This week the IRS released statistics on the number of returns
it received in 2010 from US citizens with foreign trusts. The
results are startling (you may find the report by clicking here). In all of Canada only 324 returns were
filed that report ownership in a non-US trust, which likely means
hundreds of thousands of US citizens residing in Canada had not
filed the appropriate returns. This is important for two
reasons: first, the penalties for not filing are draconian (but
waivable); and second, last week the US Government Accountability
Office (GAO) issued a report that encouraged IRS to pursue those
taxpayers who file late returns using a technique known as
The US State Department knows of more than 687,000 US citizens
residing in Canada but most experts agree that the actual number is
several times that number. Many common Canadian retirement
and savings vehicles are considered foreign trusts under US law.
These vehicles include registered education savings plans (RESPs),
tax free savings accounts (TFSAs), registered disability savings
plans (RDSPs) and the like. Of course, typical Canadian trusts used
for income splitting and succession are also considered foreign
trusts and carry the same reporting obligations. Any US citizen who
owns, contributes to, or receives a distribution from any of these
trusts must report that interest on the appropriate form at the
appropriate time or face severe penalties.
Penalties for Failure to File
Contributions to or distributions from any of these trusts
triggers the obligation to file US tax form 3520 on or before the
due date of the US income tax return (form 1040). The failure to
file penalty for the form 3520 is a minimum of $10,000. In
addition, an ownership interest in any of these vehicles triggers
the obligation to file the US form 3520-A on or before March 15.
The failure to file this form triggers a minimum $10,000 penalty.
Both of these penalties can be waived if the taxpayer has
"reasonable cause" for not having filed.
2010 Filing Statistics for Foreign Trusts
The following is a summary of the number of returns filed in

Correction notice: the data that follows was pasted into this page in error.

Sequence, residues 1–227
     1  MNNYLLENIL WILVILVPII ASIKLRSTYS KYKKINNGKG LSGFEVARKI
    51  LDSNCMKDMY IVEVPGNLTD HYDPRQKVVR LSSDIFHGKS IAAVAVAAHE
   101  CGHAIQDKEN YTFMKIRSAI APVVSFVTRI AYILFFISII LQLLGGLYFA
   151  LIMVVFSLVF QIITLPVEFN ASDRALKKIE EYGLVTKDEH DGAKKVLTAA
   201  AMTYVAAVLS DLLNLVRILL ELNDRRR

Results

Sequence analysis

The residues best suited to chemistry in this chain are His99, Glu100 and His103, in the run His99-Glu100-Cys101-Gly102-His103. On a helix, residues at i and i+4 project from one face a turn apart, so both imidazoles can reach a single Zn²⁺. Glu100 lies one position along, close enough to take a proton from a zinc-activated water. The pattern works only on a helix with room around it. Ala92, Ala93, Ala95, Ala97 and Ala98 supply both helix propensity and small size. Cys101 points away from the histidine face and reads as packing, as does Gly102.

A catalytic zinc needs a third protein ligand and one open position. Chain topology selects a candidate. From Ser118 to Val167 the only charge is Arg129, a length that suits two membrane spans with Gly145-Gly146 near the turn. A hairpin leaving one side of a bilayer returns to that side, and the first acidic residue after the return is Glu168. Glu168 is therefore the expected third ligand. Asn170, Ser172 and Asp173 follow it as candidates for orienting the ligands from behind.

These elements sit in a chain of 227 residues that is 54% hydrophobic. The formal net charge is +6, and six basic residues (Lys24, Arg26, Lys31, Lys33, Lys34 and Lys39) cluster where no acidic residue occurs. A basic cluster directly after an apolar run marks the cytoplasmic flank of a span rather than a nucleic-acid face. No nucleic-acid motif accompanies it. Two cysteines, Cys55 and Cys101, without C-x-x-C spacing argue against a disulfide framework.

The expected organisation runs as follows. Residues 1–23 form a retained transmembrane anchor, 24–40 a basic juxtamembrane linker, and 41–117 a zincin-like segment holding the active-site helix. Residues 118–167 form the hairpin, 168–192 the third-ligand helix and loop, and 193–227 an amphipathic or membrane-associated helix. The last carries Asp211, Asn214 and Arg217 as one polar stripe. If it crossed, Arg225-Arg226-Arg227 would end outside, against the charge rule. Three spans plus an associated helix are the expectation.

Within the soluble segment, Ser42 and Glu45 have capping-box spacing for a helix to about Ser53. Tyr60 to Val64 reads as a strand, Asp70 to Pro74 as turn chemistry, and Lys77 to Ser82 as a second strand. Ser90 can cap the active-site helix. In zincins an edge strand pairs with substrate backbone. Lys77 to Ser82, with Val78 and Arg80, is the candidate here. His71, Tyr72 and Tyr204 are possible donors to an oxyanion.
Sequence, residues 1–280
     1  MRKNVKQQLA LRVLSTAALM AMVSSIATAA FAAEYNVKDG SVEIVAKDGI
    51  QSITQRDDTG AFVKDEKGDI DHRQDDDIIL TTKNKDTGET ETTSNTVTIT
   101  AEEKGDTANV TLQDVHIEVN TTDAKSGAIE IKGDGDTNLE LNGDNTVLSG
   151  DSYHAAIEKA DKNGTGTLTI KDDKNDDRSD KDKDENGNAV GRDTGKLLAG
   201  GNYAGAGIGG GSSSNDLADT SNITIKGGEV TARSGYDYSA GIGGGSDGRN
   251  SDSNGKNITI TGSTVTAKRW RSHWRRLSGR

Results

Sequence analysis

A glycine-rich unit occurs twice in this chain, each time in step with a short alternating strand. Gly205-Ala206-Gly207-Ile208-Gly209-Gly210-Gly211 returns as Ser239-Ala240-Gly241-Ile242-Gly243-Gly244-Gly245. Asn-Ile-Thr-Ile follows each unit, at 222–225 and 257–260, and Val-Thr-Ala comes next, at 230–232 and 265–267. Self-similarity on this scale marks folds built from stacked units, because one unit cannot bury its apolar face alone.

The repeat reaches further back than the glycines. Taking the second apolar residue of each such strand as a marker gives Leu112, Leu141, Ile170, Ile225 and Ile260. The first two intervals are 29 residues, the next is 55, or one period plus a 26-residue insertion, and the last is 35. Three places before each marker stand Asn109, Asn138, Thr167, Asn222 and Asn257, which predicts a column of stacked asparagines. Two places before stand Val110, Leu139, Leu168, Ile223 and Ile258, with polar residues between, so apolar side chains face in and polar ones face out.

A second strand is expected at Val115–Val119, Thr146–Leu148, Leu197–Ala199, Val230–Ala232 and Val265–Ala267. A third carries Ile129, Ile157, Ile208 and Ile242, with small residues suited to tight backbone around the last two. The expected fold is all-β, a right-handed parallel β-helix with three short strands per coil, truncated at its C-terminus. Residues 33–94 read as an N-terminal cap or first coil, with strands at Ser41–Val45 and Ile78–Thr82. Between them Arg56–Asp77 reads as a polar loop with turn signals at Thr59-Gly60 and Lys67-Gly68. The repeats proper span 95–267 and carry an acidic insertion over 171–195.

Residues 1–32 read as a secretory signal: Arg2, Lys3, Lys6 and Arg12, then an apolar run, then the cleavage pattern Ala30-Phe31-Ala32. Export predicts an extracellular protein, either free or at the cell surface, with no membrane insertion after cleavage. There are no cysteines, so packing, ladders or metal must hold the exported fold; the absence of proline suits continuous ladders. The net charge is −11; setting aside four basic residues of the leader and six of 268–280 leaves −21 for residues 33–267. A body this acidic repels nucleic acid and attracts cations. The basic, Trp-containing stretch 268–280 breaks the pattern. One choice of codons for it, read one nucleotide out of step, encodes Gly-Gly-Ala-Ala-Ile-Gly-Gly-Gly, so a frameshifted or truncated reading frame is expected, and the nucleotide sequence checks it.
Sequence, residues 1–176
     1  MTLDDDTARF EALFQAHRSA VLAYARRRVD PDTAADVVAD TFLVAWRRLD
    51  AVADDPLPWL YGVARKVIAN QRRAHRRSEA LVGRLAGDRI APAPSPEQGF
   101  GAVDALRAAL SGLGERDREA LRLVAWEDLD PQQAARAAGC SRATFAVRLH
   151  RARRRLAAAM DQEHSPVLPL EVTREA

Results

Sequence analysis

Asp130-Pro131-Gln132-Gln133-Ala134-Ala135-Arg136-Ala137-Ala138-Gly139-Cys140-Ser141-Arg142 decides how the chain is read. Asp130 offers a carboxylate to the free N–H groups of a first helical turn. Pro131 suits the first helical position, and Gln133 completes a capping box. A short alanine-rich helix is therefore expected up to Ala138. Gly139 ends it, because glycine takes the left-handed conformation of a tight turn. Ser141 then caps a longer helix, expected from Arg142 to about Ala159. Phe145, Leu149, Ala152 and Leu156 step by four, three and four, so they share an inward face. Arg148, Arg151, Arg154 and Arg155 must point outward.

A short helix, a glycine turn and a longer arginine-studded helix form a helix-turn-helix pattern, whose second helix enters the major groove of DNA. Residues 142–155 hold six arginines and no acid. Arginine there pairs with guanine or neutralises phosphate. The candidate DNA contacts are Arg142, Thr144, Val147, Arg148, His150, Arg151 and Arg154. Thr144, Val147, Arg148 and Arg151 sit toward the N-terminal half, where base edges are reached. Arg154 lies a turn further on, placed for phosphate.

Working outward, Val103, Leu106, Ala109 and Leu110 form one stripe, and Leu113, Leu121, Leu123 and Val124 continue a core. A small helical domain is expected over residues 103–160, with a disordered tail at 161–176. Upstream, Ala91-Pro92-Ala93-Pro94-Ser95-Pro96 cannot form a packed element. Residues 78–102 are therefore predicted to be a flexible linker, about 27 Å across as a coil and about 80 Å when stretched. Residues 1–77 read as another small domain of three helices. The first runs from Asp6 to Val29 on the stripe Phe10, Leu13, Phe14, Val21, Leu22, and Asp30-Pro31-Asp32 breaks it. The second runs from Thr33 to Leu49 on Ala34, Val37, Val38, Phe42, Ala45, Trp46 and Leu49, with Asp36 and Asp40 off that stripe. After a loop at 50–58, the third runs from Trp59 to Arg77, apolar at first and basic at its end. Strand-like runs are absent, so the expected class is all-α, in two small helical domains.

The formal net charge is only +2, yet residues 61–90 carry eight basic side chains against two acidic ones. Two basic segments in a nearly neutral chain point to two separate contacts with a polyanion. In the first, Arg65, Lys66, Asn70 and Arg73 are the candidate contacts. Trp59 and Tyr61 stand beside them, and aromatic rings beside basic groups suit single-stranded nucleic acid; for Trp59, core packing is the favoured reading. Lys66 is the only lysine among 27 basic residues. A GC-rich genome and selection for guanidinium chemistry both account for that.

respect of Canadian trusts and the income and financial information
about the trusts:
Number of Forms Filed
Average Net Assets
Total Net Assets
Number of Forms Filed
Average Value Transferred
Total Value Transferred
Given the size of the asset values and the value transferred it
appears that the trusts and owners that filed the forms were likely
typical Canadian trusts, and not TFSA, RESP, RDSP, etc.
IRS hates "Quiet Disclosures"... and they really mean
When a taxpayer has missed a return or two there are basically
three options to bring these filings current. First he may
participate in one of the IRS's voluntary disclosure programs.
Second, if he qualifies, he may participate in the new Streamlined
Filing Procedure. Third, he may simply file the late returns or
ignore the late returns and become compliant prospectively. This
third option is commonly referred to as a "quiet
disclosure." The IRS hates quiet disclosures.
On April 26, 2013 the GAO released a report (which you may find
by clicking here) that encouraged the IRS to seek out
off-shore filers who have circumvented the IRS's recent
Voluntary Disclosure programs in favor of quite disclosure.
The IRS agreed with the Report's recommendations and, as a
result, those taxpayers who have or plan to engage in quiet
disclosure likely face significantly increased risk of IRS
The IRS's statistics on foreign trust filings for Canadians
are shocking, but they are a bit out date. The figures reflect the
2010 compliance year, which was before the big media splash made by
the 2011 Offshore Voluntary Disclosure Initiative and subsequent
programs. Even so however, there are likely a lot of taxpayers who
have yet to get caught up on their filings. There are options for
bringing these filings current but, as the GAO report indicates,
quiet disclosures should not be one of them.
The content of this article is intended to provide a general
guide to the subject matter. Specialist advice should be sought
about your specific circumstances.
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